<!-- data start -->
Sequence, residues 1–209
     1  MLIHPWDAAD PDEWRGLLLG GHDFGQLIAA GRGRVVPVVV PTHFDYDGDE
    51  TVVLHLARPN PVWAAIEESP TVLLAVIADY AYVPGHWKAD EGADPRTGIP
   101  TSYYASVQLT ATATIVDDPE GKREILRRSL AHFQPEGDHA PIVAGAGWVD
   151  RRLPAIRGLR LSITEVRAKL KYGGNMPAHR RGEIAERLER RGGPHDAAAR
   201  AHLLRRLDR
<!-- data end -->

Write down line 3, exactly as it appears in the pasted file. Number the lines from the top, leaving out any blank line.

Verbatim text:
    51  TVVLHLARPN PVWAAIEESP TVLLAVIADY AYVPGHWKAD EGADPRTGIP